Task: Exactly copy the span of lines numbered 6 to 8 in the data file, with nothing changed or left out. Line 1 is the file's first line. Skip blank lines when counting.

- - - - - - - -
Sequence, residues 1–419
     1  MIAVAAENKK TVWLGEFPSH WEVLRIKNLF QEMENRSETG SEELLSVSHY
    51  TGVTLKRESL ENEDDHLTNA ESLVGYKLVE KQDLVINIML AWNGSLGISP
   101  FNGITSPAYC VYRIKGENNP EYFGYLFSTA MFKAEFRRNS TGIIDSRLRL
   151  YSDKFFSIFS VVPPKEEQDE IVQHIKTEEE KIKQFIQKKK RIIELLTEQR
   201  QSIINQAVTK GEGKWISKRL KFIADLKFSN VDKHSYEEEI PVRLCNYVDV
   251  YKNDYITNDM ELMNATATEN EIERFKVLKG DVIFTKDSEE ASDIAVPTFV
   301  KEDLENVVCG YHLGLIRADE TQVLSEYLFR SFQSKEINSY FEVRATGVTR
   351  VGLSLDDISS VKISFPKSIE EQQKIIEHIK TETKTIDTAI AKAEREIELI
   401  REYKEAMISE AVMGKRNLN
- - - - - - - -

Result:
   201  QSIINQAVTK GEGKWISKRL KFIADLKFSN VDKHSYEEEI PVRLCNYVDV
   251  YKNDYITNDM ELMNATATEN EIERFKVLKG DVIFTKDSEE ASDIAVPTFV
   301  KEDLENVVCG YHLGLIRADE TQVLSEYLFR SFQSKEINSY FEVRATGVTR